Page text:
IE 11 is not supported. For an optimal experience visit our site on another browser.

Fast-food restaurateur fights off armed robber

KFC franchise owner tells TODAY he heard the gun click, and decided in a split second that he either needed to fight the man or risk being killed.
/ Source: TODAY contributor

Mitch Penneau had a gun to his head — literally. And when the manager of the Statesville, N.C., Kentucky Fried Chicken franchise heard a click and the gun didn’t go off, he wasn’t going to give the man robbing his store a chance to pull the trigger again.

“At that point, I just figured no matter what I did, this guy was going to shoot me,” Penneau told TODAY co-anchor Matt Lauer on Thursday.

The 25-year veteran of the U.S. Coast Guard had been squatting on the floor in a corner of his office, nervously trying to open the store’s safe, the hulking gunman, his face masked by a scarf and clad entirely in black, looming over him with the long gun.

The man had already clubbed Penneau with the butt of the rifle, cursing at him to hurry up. He had held the barrel of the gun against Penneau’s head. So, when the gun didn’t fire and the would-be robber pulled back to reload, Penneau sprang into action.

“When he stepped back — I was watching out of the corner of my eye — I could see him pulling back the bolt to chamber a round,” Penneau said. “That split second where he wasn’t completely focused on me, I figured, ‘That’s it. I gotta fight back, because this guy is going to shoot me, and if I don’t fight back, I don’t have a chance.’”

The gunman had come out of the bushes outside the store at 10 p.m. on Monday, just as Penneau was finishing up mopping the floor and was closing the franchise. He ordered Penneau to open the safe, threatening him as he fumbled nervously with the combination lock.

“You’ve got one more spin and then I’m shooting,” the gunman yells on surveillance tapes.

Tense moments
Penneau was scared. “I swear to god, you’ve got me nervous as hell,” he told the man.

But he was also ticked off at his attacker’s cruelty and impatience. The store had recently installed cameras to guard against employee theft, and they captured the dramatic scene as Penneau lunged toward his assailant, grabbed the barrel of the gun and then got his other hand on the gunstock.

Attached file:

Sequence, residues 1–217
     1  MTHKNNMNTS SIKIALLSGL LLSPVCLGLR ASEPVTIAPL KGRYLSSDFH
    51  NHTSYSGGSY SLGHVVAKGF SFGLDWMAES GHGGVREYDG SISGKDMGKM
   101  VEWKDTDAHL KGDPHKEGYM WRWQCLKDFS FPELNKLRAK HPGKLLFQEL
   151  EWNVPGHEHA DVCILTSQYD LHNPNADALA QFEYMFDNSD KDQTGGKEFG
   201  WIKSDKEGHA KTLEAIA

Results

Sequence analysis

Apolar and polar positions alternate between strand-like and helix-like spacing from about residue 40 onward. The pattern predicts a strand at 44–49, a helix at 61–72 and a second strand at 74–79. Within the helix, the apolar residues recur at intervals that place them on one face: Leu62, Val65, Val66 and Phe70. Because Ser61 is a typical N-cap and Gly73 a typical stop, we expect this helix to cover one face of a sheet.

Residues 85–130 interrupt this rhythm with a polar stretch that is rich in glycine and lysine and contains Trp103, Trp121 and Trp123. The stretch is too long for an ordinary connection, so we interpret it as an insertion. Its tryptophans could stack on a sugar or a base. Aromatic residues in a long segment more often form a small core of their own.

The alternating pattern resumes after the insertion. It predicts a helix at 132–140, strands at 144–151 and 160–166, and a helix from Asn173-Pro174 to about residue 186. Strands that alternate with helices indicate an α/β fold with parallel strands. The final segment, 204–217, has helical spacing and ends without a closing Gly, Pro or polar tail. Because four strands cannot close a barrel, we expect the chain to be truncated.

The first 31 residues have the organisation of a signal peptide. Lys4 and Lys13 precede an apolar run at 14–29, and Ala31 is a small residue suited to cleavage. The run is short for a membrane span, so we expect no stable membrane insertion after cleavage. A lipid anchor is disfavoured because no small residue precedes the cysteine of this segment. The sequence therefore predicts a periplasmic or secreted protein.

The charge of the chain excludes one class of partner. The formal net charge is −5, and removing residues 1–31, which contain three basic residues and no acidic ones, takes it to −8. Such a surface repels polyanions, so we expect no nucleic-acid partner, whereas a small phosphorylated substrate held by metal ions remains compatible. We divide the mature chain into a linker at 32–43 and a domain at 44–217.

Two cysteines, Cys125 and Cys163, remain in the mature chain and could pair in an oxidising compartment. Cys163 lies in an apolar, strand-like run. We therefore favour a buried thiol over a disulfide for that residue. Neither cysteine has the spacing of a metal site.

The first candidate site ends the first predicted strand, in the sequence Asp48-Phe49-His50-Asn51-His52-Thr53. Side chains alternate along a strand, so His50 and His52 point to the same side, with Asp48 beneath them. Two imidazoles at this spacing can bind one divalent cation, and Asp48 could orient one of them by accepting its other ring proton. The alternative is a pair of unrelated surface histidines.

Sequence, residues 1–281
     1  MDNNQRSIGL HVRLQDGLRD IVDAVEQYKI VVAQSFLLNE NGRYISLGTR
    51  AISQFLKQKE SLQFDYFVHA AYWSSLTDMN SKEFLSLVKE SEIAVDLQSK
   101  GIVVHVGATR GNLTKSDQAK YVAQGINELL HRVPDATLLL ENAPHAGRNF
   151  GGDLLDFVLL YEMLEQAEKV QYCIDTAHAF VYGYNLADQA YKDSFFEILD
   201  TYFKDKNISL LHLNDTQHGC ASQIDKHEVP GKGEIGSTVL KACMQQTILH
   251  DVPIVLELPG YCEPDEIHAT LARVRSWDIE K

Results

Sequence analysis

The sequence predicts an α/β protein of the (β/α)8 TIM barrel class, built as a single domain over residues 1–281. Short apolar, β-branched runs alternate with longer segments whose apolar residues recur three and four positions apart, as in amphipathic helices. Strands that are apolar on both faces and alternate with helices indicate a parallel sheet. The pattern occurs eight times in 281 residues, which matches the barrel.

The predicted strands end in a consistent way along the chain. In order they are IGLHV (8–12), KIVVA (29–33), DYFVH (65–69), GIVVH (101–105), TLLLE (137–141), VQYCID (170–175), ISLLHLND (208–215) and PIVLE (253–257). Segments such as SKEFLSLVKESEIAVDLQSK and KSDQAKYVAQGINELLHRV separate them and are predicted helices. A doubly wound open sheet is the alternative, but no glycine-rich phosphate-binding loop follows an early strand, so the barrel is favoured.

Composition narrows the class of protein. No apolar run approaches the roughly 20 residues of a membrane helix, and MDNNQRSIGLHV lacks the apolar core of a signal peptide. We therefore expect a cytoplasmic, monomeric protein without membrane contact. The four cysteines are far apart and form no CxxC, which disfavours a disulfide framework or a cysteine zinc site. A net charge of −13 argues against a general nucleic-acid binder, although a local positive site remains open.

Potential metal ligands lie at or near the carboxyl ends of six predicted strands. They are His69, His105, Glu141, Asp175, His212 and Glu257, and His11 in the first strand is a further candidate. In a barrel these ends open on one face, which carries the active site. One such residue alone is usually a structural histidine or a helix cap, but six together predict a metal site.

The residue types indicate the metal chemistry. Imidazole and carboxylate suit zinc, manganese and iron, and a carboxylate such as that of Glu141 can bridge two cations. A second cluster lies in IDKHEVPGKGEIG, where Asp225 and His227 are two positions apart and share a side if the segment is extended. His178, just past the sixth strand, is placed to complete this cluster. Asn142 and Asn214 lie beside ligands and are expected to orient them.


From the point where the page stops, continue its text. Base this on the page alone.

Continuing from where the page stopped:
For the next five minutes, the store’s cameras recorded Penneau’s life-and-death wrestling match for control of the rifle on the slippery tile floor with a burly man who was just as desperate not to let go.

Penneau said his Coast Guard training helped him during the battle.

“I knew I couldn’t get the gun away from him, but you were always taught, if you can’t get control of the gun, keep the other person off balance,” he told Lauer. “Don’t let them have control of the gun. At that point, that was my sole purpose, to keep that gun pointed in a direction anywhere but at me.”

He kicked at the robber and got hit a couple of times in the forehead with the rifle, but he never released his tenacious, two-handed grip on the weapon.

Finally, it was the exhausted and now-terrified assailant who promised to leave if Penneau would just let go of the gun. Penneau managed during the battle to pull the bolt back and eject the round in the chamber, and when he knew the gun was empty, he pushed the man outside and let go.

Police brought dogs to track him into a nearby cemetery, but then the trail gave out.

During the battle, Penneau never got a look at the man. “Besides the fact that he was big and he was completely covered, there’s really not much that I can help as far as the description goes,” he said. “I can remember his voice.”

“We feel this is a very dangerous robber, and we need the help from the citizens to identify this individual and get him into custody before he does kill someone,” Statesville Police Chief Stephen Hampton told NBC in an earlier interview.

“I have some bruises,” Penneau told Lauer. “He hit me in the back with the gun. During the fight I got some cuts and gashes on my forehead, but nothing that’s really that serious.”

Earlier, he had told NBC News that one thought carried him through the battle: “I wanted to go home to my wife and kids, and one way or the other, I just was not going to let go of that gun.”